Information contained in this publication is intended for informational purposes only and does not constitute legal advice or opinion, nor is it a substitute for the professional judgment of an attorney.
The Superior Court of Delaware recently issued a decision confirming the state's protections for medical marijuana users. On December 17, 2018, in Chance v. Kraft Heinz Foods Co., the court held that the federal Controlled Substances Act (CSA), which prohibits the use and sale of marijuana, does not preempt Delaware’s Medical Marijuana Act (DMMA). While the Chance decision is not unique—both Connecticut1 and Rhode Island2 have recently issued decisions that reached the same conclusion—the decision is noteworthy as Delaware is one of the few states that expressly prohibits the discipline or discharge of employees who use medical marijuana outside of work and subsequently test positive on a job-related drug test absent evidence of on-duty use/possession or impairment. The language of the DMMA was therefore arguably more susceptible to a challenge that a conflict existed between state and federal law. The decision is also the first to imply a private cause of action under DMMA’s employment anti-discrimination provision.
Plaintiff’s Failed Drug Test and DMMA Claim
The plaintiff was employed by the defendant for several years until he decided to pursue a medical marijuana card to address several unidentified medical issues. Less than a year after obtaining his medical marijuana card, he was involved in a work-related accident while operating a “shuttle wagon” on railroad tracks in the facility. The shuttle wagon derailed and the circumstances of the accident prompted the defendant to send the plaintiff for a drug test. Although the first result was inconclusive, a test taken three days later resulted in a positive test for marijuana. Plaintiff was subsequently terminated for failing the drug test.
The plaintiff sued, alleging, among other claims, that the defendant violated DMMA’s anti-discrimination provision and wrongfully terminated his employment in violation of the public policy underlying the DMMA. In essence, the plaintiff sought to assert a claim directly under the DMMA or to assert a common law claim based on Delaware’s established public policy protecting medical marijuana users. The defendant moved to dismiss the DMMA claim because it was preempted by the CSA. The defendant also moved to dismiss the common law wrongful termination claim because the DMMA does not provide any public policy grounds for relief.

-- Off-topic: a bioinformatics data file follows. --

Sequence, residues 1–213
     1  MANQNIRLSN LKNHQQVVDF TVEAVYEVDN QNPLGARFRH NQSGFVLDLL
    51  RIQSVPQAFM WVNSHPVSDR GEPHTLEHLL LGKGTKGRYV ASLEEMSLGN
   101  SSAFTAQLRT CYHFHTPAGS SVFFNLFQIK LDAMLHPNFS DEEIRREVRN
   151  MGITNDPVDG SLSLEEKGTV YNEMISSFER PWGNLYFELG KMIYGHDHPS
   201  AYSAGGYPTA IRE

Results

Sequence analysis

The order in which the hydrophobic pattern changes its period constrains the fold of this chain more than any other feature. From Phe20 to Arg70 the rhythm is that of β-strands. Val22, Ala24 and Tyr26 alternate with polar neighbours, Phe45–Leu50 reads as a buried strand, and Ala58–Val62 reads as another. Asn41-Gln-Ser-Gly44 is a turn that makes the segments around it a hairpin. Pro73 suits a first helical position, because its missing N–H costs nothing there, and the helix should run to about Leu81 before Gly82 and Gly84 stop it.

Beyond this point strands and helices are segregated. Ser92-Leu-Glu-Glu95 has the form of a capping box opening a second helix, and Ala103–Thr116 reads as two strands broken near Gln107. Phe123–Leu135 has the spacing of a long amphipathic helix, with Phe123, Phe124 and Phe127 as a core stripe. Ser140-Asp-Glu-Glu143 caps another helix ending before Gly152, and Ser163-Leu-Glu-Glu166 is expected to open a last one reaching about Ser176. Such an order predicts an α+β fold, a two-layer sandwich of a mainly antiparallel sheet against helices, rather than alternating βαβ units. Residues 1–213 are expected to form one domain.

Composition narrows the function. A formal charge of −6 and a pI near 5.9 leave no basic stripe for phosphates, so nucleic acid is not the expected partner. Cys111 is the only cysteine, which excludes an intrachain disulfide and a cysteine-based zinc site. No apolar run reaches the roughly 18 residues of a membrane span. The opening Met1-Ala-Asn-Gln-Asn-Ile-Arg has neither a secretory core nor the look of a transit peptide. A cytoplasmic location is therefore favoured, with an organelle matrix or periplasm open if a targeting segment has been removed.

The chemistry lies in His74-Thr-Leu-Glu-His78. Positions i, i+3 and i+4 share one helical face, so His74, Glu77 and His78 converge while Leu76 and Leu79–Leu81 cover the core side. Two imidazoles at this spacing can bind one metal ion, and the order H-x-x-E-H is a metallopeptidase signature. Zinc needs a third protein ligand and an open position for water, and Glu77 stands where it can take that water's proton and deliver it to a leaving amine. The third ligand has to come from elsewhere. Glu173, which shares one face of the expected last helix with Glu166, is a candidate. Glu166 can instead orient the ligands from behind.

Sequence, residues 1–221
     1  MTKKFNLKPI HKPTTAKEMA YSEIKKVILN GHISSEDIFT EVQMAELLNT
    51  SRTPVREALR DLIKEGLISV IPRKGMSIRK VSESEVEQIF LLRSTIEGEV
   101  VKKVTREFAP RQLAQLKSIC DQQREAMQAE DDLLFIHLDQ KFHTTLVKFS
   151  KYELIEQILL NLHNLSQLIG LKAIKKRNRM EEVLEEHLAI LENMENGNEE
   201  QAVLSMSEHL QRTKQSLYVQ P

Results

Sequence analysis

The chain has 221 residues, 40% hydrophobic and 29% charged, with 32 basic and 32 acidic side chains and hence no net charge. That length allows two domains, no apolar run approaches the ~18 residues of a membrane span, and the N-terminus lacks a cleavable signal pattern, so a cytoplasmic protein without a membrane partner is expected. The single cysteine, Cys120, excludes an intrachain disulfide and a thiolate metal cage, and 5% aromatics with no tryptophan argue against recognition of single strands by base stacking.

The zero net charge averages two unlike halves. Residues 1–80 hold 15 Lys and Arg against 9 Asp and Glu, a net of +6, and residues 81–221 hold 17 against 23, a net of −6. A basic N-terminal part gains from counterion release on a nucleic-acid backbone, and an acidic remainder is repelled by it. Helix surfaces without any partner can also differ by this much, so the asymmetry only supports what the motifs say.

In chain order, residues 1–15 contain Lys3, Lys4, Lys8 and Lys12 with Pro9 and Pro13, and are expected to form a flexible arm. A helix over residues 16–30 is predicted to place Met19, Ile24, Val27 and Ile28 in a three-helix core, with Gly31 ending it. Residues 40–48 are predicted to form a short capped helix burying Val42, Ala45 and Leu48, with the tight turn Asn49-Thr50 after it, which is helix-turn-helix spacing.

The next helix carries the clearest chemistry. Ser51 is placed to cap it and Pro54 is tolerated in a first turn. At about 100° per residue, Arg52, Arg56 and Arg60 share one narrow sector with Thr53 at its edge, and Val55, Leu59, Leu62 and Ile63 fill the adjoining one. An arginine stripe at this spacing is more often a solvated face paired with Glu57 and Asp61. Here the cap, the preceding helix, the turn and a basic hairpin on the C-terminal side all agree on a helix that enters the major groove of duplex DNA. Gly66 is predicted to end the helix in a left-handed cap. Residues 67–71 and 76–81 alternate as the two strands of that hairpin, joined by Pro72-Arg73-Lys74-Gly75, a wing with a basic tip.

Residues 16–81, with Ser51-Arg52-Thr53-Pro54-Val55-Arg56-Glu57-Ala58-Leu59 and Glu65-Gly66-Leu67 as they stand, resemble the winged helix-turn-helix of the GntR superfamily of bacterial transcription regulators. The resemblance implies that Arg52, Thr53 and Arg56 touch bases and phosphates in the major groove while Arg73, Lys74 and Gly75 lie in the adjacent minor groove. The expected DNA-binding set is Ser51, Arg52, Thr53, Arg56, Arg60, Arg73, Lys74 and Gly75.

Delaware Court Finds CSA Does not Preempt DMMA, Implies Private Cause of Action
The Chance court concluded that DMMA did not conflict with the CSA, which is the federal statute criminalizing marijuana use. This conclusion is significant because the DMMA, unlike most other state medical marijuana statutes, expressly prohibits employers from disciplining employees or applicants simply because they test positive for medical marijuana unless the individual “used, possessed, or was impaired by marijuana on the premises of the place of employment or during the hours of employment.”
In contrast, the CSA classifies marijuana as a Schedule I substance, which means it has been defined by the federal government as a drug with no currently accepted medical use and with a high potential for abuse. The conflict between state and federal law would appear obvious on its face: Delaware prohibits discipline of individuals who test positive for the medicinal use of a drug that the federal government has made illegal and concluded has no medical use.
The court acknowledged that the DMMA may appear “at odds” with the CSA at first glance; however, it ultimately concluded, like the 2017 Connecticut and Rhode Island decisions, that no conflict existed because the CSA does not make it illegal to employ someone who uses marijuana. The court further emphasized that the CSA does not seek to regulate any employment matters in this context. As a result, the court concluded that the DMMA does not pose an obstacle to the objectives of the federal government because it does not require employers to engage in any illegal activity; rather it simply prohibits employers from discriminating against those who engage in such activity (as a matter of federal law).